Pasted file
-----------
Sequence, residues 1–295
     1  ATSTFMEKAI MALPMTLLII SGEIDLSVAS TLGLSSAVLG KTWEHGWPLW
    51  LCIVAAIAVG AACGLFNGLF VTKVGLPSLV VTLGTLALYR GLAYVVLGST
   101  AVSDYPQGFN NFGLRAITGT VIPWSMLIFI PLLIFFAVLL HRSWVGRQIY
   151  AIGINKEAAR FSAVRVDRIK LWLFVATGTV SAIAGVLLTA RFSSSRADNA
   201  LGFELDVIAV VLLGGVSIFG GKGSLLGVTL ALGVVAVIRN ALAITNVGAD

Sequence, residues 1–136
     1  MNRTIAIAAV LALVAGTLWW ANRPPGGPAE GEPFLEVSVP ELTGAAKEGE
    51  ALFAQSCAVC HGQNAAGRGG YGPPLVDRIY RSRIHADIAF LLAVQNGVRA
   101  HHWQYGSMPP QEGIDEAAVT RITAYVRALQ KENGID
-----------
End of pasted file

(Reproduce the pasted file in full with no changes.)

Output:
Sequence, residues 1–295
     1  ATSTFMEKAI MALPMTLLII SGEIDLSVAS TLGLSSAVLG KTWEHGWPLW
    51  LCIVAAIAVG AACGLFNGLF VTKVGLPSLV VTLGTLALYR GLAYVVLGST
   101  AVSDYPQGFN NFGLRAITGT VIPWSMLIFI PLLIFFAVLL HRSWVGRQIY
   151  AIGINKEAAR FSAVRVDRIK LWLFVATGTV SAIAGVLLTA RFSSSRADNA
   201  LGFELDVIAV VLLGGVSIFG GKGSLLGVTL ALGVVAVIRN ALAITNVGAD

Sequence, residues 1–136
     1  MNRTIAIAAV LALVAGTLWW ANRPPGGPAE GEPFLEVSVP ELTGAAKEGE
    51  ALFAQSCAVC HGQNAAGRGG YGPPLVDRIY RSRIHADIAF LLAVQNGVRA
   101  HHWQYGSMPP QEGIDEAAVT RITAYVRALQ KENGID